The data for action for neonatal survival highlight many commonalities with maternal survival and indeed mothers and their babies are intimately linked. Stillbirths are not mentioned in Millennium Development Goal (MDG) 4 or 5, yet they are largely preventable with the same solutions. Previous false dichotomies in advocacy and programmes for maternal and newborn survival have not been helpful in accelerating progress. An integrated call for action would be more likely to increase global visibility and national action. Health professionals and policy makers need to link numbers for mothers, newborns and stillbirths together, and to work together to implement the highest impact solutions that save women and babies.
This chapter reviews the progress for MDG 4 (child survival), with a focus on neonatal survival and on highlighting linkages with MDG 5 (maternal survival). Priorities for programmatic action based on the data are identified.
Progress for neonatal and child survival
The MDGs are the most widely ratified health and development targets ever. Nearly every nation has agreed to reach these eight interlinking goals that address poverty, hunger, education and health by 2015. Multiple reports have been published and many commitments have been agreed but is progress being made?
VISIR, the VLT Imager and Spectrograph for the Mid-Infrared is a multi-mode instrument, featuring also a high resolution Echelle spectrograph with a spectral resolving power of ≈30 000 or 10 km s−1 at ν ≈ 30 000 GHz (λ ≈ 10 μm). A limited long-slit mode as well as a general cross-dispersed mode are available. The Echelle grating is illuminated with a 200 mm diameter collimated beam. Cross-dispersion is achieved by a pair of grisms in the pre-slit optics. The entire frequency interval corresponding to the “10 μ m-window” from 22 400 to 39 500 GHz is fully accessible, albeit sequentially. This interval contains a multitude of fundamental molecular rotational-vibrational bands such as SiO, OH−, H2O, NH3, CH4 and many other hydro-carbonates. Since its commissioning in April 2004, VISIR has been plagued by artifacts introduced from its detector. The cross-dispersed mode is especially handicapped, as it is the most demanding mode for dynamic range of illumination. Now an ambitious upgrade with a pair of newly developed 1k2 As:Si detectors is underway, which will fully resurrect the spectroscopic mode. This will also increase the frequency interval accessible in one exposure by 240% while changing from critical to 3-pixel sampling. Even in the absence of extra spectral features this increase is quite valuable for absorption line spectroscopy, as the limiting factor in analysis often is the definition of the photospheric continuum.
Water vapour is the principle source of opacity at infrared wavelengths in the earth's atmosphere. Measurements of atmospheric water vapour serve two primary purposes when considering operation of an observatory: long-term monitoring of precipital water vapour (PWV) is useful for characterizing potential observatory sites, and real-time monitoring of PWV is useful for optimizing use, in particular for mid-IR observations.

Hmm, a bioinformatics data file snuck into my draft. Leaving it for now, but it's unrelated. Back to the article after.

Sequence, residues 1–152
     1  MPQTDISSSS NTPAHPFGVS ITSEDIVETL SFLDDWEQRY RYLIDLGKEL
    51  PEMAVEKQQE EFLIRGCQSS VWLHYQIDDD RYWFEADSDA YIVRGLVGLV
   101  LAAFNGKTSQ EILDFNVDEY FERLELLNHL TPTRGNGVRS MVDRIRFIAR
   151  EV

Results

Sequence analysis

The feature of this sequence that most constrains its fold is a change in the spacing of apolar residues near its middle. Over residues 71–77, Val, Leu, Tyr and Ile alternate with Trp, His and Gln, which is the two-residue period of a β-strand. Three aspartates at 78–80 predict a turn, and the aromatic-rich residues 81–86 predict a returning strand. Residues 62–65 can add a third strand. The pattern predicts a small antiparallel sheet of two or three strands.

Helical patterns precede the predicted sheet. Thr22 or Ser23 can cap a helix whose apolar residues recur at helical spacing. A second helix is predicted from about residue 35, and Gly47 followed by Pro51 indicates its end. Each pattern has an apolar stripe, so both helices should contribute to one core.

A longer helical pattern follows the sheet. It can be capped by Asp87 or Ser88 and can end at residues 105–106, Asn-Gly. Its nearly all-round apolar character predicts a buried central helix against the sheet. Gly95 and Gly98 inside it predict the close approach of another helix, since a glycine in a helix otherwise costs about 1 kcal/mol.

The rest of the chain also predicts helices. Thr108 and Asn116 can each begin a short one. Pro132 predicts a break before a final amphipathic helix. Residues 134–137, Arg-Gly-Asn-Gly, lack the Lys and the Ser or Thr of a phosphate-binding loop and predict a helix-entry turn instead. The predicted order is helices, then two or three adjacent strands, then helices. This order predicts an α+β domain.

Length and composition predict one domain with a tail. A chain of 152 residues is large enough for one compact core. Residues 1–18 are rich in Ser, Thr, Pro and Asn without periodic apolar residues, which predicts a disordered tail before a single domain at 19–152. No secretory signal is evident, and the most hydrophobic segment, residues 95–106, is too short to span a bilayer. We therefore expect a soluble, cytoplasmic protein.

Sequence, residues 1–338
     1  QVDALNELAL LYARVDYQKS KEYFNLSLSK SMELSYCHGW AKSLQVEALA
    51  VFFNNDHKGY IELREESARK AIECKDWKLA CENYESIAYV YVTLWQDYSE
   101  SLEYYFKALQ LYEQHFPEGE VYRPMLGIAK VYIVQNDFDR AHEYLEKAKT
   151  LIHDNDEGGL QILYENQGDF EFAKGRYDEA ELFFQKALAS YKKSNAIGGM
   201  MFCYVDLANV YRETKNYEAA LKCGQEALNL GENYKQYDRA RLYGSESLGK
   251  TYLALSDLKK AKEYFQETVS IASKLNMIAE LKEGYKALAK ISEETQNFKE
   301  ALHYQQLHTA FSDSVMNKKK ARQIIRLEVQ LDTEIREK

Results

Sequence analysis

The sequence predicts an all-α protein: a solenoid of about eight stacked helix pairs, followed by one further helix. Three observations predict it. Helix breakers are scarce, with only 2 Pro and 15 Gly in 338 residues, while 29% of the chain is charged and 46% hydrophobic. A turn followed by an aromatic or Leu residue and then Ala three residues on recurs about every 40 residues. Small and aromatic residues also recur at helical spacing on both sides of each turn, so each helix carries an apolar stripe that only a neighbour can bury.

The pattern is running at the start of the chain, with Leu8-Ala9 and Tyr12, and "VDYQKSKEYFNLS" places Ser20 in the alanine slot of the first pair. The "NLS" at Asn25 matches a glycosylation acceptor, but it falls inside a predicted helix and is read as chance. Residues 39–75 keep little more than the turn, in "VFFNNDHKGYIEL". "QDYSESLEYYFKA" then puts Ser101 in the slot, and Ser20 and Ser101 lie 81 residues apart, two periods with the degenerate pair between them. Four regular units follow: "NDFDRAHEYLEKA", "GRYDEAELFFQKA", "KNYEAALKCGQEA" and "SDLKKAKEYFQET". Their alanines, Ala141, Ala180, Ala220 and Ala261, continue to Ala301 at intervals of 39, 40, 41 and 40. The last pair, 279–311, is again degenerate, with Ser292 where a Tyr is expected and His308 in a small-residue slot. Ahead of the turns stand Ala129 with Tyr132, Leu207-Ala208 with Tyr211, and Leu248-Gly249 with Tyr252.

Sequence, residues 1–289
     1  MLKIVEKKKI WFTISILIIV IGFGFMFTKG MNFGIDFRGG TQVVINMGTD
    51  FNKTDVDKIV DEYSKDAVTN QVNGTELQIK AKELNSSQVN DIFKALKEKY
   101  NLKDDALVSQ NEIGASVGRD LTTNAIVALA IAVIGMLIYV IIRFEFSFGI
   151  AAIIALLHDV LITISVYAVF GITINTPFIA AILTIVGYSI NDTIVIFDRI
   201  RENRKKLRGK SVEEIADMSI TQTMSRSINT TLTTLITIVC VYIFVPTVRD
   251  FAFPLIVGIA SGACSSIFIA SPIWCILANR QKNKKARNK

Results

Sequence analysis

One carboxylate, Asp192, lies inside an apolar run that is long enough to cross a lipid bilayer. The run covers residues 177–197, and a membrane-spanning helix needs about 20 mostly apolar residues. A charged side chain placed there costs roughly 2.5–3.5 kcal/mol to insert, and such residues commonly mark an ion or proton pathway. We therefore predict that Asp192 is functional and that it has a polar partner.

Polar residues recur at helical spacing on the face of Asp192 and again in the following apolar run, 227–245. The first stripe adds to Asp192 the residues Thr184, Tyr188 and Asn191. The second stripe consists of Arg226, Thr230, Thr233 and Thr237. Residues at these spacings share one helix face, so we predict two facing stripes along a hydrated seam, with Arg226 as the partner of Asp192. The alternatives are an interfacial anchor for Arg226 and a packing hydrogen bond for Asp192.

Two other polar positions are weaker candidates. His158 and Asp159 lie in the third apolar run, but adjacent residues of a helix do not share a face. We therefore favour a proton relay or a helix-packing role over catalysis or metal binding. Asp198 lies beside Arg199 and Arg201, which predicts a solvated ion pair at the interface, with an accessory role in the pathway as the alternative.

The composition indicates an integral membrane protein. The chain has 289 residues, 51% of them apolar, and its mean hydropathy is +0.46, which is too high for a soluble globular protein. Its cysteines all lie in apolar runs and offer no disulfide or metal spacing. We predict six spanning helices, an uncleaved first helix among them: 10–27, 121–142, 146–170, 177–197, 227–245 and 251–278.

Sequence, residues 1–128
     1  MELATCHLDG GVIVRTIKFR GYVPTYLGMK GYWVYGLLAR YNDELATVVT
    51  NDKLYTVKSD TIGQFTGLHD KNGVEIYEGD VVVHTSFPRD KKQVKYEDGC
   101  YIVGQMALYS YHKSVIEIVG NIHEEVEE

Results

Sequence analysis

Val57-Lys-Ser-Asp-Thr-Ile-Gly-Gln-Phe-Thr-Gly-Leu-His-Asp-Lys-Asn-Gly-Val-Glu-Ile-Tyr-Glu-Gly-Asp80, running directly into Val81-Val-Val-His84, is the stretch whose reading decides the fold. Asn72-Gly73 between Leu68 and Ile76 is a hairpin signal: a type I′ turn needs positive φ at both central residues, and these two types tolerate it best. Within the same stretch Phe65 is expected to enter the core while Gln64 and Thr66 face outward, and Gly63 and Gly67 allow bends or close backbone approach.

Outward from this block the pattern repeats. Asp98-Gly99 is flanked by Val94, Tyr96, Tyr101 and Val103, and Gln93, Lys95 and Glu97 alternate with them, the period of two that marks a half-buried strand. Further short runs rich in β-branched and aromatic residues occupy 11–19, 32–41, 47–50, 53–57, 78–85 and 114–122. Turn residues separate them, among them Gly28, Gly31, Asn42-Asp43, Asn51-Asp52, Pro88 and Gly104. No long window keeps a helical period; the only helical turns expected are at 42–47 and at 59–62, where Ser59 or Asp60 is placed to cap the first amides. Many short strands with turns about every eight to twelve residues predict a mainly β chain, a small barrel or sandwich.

We present results of a project aimed at establishing a set of 12 spectro-photometric standards over a wide wavelength range from 320 to 2500 nm. Currently no such set of standard stars covering the near-IR is available. Our strategy is to extend the useful range of existing well-established optical flux standards (Oke 1990, Hamuy et al. 1992, 1994) into the near-IR by means of integral field spectroscopy with SINFONI at the VLT combined with state-of-the-art white dwarf stellar atmospheric models (TMAP, Holberg et al. 2008). As a solid reference, we use two primary HST standard white dwarfs GD71 and GD153 and one HST secondary standard BD+17 4708. The data were collected through an ESO “Observatory Programme” over ~40 nights between February 2007 and September 2008.
Infrared astronomy has come into its own over the last decade. Based on mature detector technology and sophisticated instrumentation it is contributing exciting science in many fields of astrophysics. Stellar evolution is a field that has long been dominated by ultraviolet and optical work, but one that has benefited from a strongly increasing contribution from the infrared (IR) and sub-millimeter (sub-mm) domains. In particular, spectroscopy in these domains holds the promise to enable important advances through quantitative analysis of individual stars and stellar systems.
A few star clusters in the Magellanic Clouds exhibit composite structures in the red-clump region of their colour–magnitude diagrams. The most striking case is NGC 419 in the Small Magellanic Cloud (SMC), where the red clump is composed of a main blob as well as a distinct secondary feature. This structure is demonstrated to be real and corresponds to the simultaneous presence of stars which passed through electron degeneracy after central-hydrogen exhaustion and those that did not. This rare occurrence in a single cluster allows us to set stringent constraints on its age and on the efficiency of convective-core overshooting during main-sequence evolution. We present a more detailed analysis of NGC 419, together with a first look at other populous Large Magellanic Cloud clusters which are apparently in the same phase: NGC 1751, NGC 1783, NGC 1806, NGC 1846, NGC 1852 and NGC 1917. We also compare these Magellanic Cloud cases with their Galactic counterparts, NGC 752 and NGC 7789. We emphasise the extraordinary potential of these clusters as absolute calibration marks on the age scale of stellar populations.
Open cluster remnants (OCRs) are fundamental objects to investigate open cluster dissolution processes (e.g., Bica et al. 2001; Carraro 2002; Pavani et al. 2003; Carraro et al. 2007; Pavani & Bica 2007). They are defined as poorly populated concentrations of stars, with enough members to show evolutionary sequences in colour–magnitude diagrams (CMDs) as a result of the dynamical evolution of an initially more massive physical system. An OCR is intrinsically poorly populated, which makes its differentiation from field-star fluctuations difficult. Among the possible approaches to establish the nature of OCRs, we adopted CMD analysis combined with a robust statistical tool applied to 2mass data. In addition, photometry is the main information source available for possible OCRs (POCRs). We developed a statistical diagnostic tool to analyse the CMDs of POCRs and verify them as physical systems, explore membership probabilityies taking into account field contamination and derive age, distance and reddening values in a self-consistent way. We present the results of our analysis of 88 POCRs that are part of a larger sample that is widely distributed across the sky, with a significant density contrast of bright stars compared to the Galactic field. The 88 objects are projected onto low-density Galactic fields, at relatively high latitudes (|b| > 15°). Studies of larger POCR samples will provide a better understanding of OCR properties and constraints for theoretical models, including new insights into the evolution of open clusters and their dissolution rates. The results of this ongoing survey will provide a general picture of these fossil stellar systems and their connection to Galactic-disk evolution.